ASHEVILLE, N.C. -- Dierks Bentley has been playing to the big rooms for a long time now -- first as an opening act for George Strait for two years, then warming up crowds for Kenny Chesney. Now, he's on top of the bill for his first headlining stretch, the Locked & Loaded tour, which he officially kicked off Thursday night (Oct. 5) in Asheville.
Bentley and his two opening acts, Miranda Lambert and the Randy Rogers Band, played a private gig the night before, but the concert at the Asheville Civic Center was the first night people could walk right up and buy tickets. In that regard, it was similar to a club show. Actually, in a lot of ways, the night seemed like a gig at a very large local music venue, right down to the bands carrying off their own gear after their sets.
There were no rows of chairs in front of the medium-sized stage, and some wedding singers probably carry more flashy equipment than Bentley and his band. (A shiny, iridescent curtain behind the stage is pretty much the limit of luxury here.) However, when was the last good concert you attended where you could be face to face with an established country star with just a general admission ticket?
With a new album to be released Oct. 17, Bentley previewed several new songs and earned exceptionally enthusiastic responses, especially for the jovial "Free and Easy Down the Road I Go." (As Chesney is inspired by the islands, Bentley seems to find his muse on the asphalt.) At one point, he planted himself in the front of the crowd -- and looked shell-shocked by the screaming and groping that ensued. With all the hands on him, he must not have been able to reach his microphone for a few moments because all you could hear was a lot of excited shrieking. After jumping back on stage, he scrambled to the left side, then to the right, then shook his fists and sang to the rafters at the people settled comfortably in their seats. Unlike them, Bentley hardly remained still throughout his 90-minute set, knowing he had to live up to the high expectations for a headlining act. This time, the people were there to see him.
Anybody who thinks young adults don't listen to country music ought to attend this tour because they'd immediately be proven wrong. Most, but not all, of the over-35 crowd lingered near the back of the room. (When this happens in Nashville, you assume they work in the music business.) Yet the bulk of the agreeable audience happily stood a stone's throw from the stage.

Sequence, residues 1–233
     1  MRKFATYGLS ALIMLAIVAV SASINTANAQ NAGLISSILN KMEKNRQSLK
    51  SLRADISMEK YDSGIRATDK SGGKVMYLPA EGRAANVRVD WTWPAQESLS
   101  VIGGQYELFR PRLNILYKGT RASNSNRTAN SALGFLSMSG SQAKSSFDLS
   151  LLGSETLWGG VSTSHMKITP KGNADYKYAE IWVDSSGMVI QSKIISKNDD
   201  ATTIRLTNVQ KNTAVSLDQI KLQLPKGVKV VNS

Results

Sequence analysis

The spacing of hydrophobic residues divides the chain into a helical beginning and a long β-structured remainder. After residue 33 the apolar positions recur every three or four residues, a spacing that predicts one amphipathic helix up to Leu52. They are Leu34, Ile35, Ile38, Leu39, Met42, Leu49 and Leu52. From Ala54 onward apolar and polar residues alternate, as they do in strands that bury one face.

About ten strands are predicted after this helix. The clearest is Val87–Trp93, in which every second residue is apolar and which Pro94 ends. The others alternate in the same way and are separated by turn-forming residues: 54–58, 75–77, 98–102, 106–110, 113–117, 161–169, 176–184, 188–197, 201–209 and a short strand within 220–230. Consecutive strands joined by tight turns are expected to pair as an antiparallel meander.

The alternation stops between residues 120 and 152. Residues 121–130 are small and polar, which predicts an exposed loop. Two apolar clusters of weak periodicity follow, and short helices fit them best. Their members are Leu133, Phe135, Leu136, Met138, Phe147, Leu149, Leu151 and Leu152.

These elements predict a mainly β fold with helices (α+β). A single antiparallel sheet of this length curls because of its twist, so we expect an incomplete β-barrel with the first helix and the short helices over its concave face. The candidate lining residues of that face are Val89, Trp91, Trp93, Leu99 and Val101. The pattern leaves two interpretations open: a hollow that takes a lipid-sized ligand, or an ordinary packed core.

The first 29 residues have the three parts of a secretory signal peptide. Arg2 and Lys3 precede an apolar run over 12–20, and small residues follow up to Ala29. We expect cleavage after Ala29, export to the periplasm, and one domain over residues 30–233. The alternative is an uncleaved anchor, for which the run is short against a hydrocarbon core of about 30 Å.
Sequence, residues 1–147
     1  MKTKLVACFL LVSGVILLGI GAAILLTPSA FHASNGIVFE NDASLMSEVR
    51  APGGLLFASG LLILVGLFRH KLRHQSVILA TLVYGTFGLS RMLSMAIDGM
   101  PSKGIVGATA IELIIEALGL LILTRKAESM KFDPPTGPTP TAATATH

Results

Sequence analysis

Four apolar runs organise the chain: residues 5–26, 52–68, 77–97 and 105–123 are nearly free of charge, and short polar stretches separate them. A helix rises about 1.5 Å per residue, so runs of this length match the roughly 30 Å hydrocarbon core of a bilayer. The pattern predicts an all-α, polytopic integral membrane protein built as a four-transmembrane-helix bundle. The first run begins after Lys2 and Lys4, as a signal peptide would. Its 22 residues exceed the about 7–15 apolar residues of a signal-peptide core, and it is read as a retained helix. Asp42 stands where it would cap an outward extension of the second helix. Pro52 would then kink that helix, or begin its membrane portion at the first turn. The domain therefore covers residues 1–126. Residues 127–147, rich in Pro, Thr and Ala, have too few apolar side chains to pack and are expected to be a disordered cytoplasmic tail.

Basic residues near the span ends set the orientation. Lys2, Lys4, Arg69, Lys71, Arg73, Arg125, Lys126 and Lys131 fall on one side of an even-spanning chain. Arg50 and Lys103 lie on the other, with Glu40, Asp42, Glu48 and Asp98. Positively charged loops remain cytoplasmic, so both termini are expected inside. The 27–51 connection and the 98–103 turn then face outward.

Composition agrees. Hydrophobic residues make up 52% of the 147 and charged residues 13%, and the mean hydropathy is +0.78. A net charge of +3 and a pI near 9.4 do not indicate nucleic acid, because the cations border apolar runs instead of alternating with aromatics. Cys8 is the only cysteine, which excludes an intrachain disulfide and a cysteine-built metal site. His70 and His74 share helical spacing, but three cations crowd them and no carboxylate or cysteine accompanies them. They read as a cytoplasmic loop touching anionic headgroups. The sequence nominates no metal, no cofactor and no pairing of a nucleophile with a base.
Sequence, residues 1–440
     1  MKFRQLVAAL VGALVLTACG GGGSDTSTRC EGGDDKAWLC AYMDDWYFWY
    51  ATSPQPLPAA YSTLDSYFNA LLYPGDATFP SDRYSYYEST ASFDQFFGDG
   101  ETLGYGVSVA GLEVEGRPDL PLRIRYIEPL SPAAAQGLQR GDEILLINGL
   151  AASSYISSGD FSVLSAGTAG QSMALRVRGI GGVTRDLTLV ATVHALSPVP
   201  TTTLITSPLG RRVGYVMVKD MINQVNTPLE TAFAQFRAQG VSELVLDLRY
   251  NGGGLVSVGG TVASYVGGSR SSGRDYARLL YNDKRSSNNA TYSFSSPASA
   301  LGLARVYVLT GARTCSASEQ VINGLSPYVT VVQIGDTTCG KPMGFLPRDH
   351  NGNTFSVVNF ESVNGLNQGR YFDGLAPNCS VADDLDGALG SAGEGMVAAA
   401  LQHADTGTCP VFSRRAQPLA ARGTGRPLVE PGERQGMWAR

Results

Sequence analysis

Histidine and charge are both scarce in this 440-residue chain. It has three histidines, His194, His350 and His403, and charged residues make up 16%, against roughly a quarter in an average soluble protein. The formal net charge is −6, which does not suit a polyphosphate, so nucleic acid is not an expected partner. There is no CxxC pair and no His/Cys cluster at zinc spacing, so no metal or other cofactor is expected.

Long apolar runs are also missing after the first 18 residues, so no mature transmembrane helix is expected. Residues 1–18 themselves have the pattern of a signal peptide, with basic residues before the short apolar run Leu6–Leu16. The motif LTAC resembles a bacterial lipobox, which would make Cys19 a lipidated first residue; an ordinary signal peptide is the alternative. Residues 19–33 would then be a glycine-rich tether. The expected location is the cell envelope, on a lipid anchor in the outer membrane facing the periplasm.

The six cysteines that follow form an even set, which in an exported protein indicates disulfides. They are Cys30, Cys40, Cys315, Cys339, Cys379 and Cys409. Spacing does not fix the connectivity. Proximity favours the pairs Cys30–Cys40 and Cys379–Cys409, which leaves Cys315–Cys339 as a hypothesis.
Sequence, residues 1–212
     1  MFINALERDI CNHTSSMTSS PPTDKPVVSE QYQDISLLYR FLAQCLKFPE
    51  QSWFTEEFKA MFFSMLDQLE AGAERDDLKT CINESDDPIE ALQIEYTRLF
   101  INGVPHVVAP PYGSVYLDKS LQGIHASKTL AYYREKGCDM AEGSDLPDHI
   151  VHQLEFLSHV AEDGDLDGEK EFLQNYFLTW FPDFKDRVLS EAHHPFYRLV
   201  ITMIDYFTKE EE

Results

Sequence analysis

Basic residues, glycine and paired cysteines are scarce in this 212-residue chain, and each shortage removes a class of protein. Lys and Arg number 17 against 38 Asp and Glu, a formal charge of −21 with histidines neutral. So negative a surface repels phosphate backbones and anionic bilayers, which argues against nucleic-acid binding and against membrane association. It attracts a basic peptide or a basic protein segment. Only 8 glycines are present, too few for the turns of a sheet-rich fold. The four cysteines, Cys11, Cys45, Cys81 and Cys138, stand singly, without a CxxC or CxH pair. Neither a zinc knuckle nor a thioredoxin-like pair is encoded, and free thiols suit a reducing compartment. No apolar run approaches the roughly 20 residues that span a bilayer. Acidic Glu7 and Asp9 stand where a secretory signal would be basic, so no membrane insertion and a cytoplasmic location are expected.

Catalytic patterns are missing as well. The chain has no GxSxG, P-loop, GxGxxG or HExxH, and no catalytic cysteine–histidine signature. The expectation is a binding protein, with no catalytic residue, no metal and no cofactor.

If nothing else, clustering the fans up close and personal is an easy way to see familiar faces and meet new people -- for better or worse. Just to strike up conversation, one friendly young woman gladly recounted to me all the country shows she's attended lately. Later, some guy asked me if I wanted to wrestle.
Bentley kept up his momentum for nearly an hour and a-half, finishing up, of course, with his most popular songs. Unfortunately, a woman near the front of the stage fell to the floor in seizures almost immediately after the last note. Rather than shouting "encore!" people were screaming for paramedics. To his credit, Bentley returned to center stage to see if he could help, although there was nothing anyone could do. We were all eventually asked to leave as an ambulance raced to the scene.
But since that unusual turn of events didn't happen until the very end, Miranda Lambert and the Randy Rogers Band were able to entertain the crowd without distraction.
The audience welcomed Lambert's music with hearty applause. Her sassy approach certainly appealed to the young women. She also received a lot of screams for her forthcoming, very loud single, "Crazy Ex-Girlfriend." Yes, she admits that she is one and seems awfully proud of that fact, too. We'll see how it does in terms of radio airplay. When was the last time you heard a country song (one that doesn't sound country in the least) with the words "damn," "hell" and "bitch" race up the charts?
When she wasn't trying to be so edgy, Lambert showed that she has a lively country voice, especially on "Bring Me Down," "I Wanna Die," "New Strings" and the new song, "Dry Town." As most opening acts are prone to do these days, she covered a few songs, too, choosing Creedence Clearwater Revival's "Travelin' Band" and Steve Earle's "Hillbilly Highway." With a new album coming early next year, she should have more songs to choose from on her next visit.
The Randy Rogers Band impressed the crowd with a crisp-sounding set and a rollicking country-rock sound that should go down easy with Bentley's fans. Highlights included "Kiss Me in the Dark" (their current single) and "Before I Believe It's True." Rogers has been playing around Texas for a long time now and seemed grateful to bring his music to a wider national audience on the tour. It's a major stepping stone for his band to be playing large rooms in other cities. And as a headliner, the same could be said for Bentley, too.